* Defence Ministry seeks $3.1 billion for 2015
* Economy Minister opposes increasing budget deficit
* Central bank chief wants spending restraint, tax rises
By Steven Scheer
JERUSALEM, Sept 4 Days after Israel reached a ceasefire after 50 days of war against Hamas in Gaza, the finance ministry and the central bank are at odds over how to cover hefty defence costs in next year's budget.
Discussions on the 2015 spending package have just begun but Finance Minister Yair Lapid and Bank of Israel Governor Karnit Flug have already gone public with their opposing views.
The Gaza conflict, which ended on Aug. 26, has underpinned hefty budget demands by the Defence Ministry of 11 billion shekels ($3.1 billion) for 2015. The finance minister has said the 9-billion-shekel cost of the latest fighting can be absorbed in this year's budget with only a slight breach of the 3 percent deficit target.
But covering extra military costs by raising taxes or cutting expenses in civilian areas such as education or health - especially when economic growth is softening - are politically difficult options.
Prior to the conflict, gross domestic product (GDP) was expected to grow 2.9 percent this year. It is now more likely to grow 2.4 percent due to the economic disruption of the conflict.
Lapid, who plans to submit the budget framework to the cabinet next week, has given few details other than suggesting raising the deficit target to at least 3 percent of GDP from 2.5 percent while rejecting any tax increases.
He has said the economy cannot bear the burden of tax hikes and spending cuts, a view challenged by Israeli financial commentators who point to the euro zone crisis as a lesson in the importance of holding down national debt.
"Raising the deficit is imposing taxes on our children," Economy Minister Naftali Bennett told an economic conference, urging the Defence Ministry to use its funds more efficiently.
Flug advocates both spending restraint and tax increases and would accept a deficit of 3 percent to cover to a one-time boost in defence spending. But she warned of economic harm and a loss of credibility if the deficit were any higher.
"If the military gets a higher budget, then 3 percent is not attainable," Budget Director Amir Levy told Reuters. "It's going to be between 3 and 3-point-something, like 3.2, 3.3," he said.
Alex Zabezhinsky, chief economist at the Meitav Dash brokerage, believes even that is too optimistic due to commitments including hiking public sector wages and exempting some first-time home buyers from paying the 18 percent value added tax.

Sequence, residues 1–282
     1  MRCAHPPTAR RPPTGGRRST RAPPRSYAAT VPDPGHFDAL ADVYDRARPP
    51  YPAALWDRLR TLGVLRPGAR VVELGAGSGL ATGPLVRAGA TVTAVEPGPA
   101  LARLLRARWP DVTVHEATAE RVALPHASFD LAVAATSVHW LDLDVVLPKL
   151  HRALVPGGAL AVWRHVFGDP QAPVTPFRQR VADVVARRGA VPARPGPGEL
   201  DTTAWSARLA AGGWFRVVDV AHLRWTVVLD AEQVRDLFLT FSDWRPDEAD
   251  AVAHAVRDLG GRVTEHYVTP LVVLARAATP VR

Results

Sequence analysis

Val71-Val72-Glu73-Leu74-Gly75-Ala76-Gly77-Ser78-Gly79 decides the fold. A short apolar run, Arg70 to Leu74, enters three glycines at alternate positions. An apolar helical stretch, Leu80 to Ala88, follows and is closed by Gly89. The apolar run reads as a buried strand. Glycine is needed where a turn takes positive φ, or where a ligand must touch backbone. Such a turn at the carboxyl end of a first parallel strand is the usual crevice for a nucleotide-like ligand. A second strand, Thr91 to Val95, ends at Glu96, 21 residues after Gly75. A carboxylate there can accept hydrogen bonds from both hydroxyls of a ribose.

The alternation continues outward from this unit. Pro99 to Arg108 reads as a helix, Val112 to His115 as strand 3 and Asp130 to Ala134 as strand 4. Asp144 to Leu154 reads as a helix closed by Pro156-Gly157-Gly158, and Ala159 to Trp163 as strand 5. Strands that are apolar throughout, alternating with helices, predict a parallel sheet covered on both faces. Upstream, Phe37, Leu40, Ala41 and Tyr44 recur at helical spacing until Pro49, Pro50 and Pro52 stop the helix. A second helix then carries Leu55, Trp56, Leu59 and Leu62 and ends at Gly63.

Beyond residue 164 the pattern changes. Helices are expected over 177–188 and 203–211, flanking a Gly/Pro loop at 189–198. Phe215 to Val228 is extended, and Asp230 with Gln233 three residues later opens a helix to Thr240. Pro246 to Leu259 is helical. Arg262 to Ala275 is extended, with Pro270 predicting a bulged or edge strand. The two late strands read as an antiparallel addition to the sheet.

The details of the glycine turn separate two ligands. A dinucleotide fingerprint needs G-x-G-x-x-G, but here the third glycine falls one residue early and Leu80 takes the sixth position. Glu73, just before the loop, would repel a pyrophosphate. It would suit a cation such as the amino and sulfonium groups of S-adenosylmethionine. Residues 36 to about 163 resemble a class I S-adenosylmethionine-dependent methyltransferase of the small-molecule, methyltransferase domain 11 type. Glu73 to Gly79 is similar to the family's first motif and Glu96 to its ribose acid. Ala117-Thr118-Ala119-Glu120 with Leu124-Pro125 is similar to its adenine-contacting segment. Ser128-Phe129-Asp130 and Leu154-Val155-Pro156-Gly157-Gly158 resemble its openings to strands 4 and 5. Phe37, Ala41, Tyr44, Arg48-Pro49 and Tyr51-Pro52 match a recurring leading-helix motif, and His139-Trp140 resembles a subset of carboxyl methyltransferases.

"If the government doesn't take any steps then the budget deficit could go to 4.5 and 5 percent of GDP," he said, assuming economic growth next year of 3 percent.
Such a scenario could have consequences on Israel's credit rating but Standard & Poor's - which rates Israel A+ - believes the 2015 budget expansion will likely be a one-time deviation from a recent trend of falls in the deficit and debt burden.
"If the deficit is moved to 3.1 percent (of GDP) then it's not a big shift but if it's 4 percent-plus, then that's a bigger story," said Elliot Hentov, S&P's primary analyst for Israel, adding that having a "vigorous debate" over the budget is healthy.
Some analysts believe Flug lacks the influence of former central bank chief Stanley Fischer, who last year was able to convince Lapid to backtrack after the minister sought to raise the 2013 deficit target to nearly 5 percent of GDP.
Lapid, who seeks to return to a lower deficit in 2016, was tapped as finance minister last year after his new Yesh Atid (There is a Future) party became the second largest political faction on the promise of lowering the cost of living for the middle classes.
The former TV presenter, who has admitted he had no knowledge of economics, has been criticised as populist for some of his proposals including a "zero VAT" plan.
"Lapid is not really thinking about what has to be done about Israel's economic problems. He is thinking about what he has to do in order to get to the next elections in a better situation than his current one," financial commentator Avi Temkin wrote in the Globes financial newspaper, adding the same applied to Prime Minister Benjamin Netanyahu.
Netanyahu, analysts agree, will ultimately have to decide how much of its wish list the defence ministry gets next year.
"It depends on whether Netanyahu is afraid of the geopolitical situation," said Modi Shafrir, chief strategist at Mizrahi-Tefahot Bank's finance division. "Eventually, Netanyahu will probably decide something in the middle - between what Lapid and Flug ask for."
That probably means a deficit target of about 3.25 percent next year, he said.
"We hope we will find a way to balance the military's needs and the civil needs," Levy said.
(1 US dollar = 3.5771 Israeli shekel) (Reporting by Steven Scheer; Editing by Ruth Pitchford)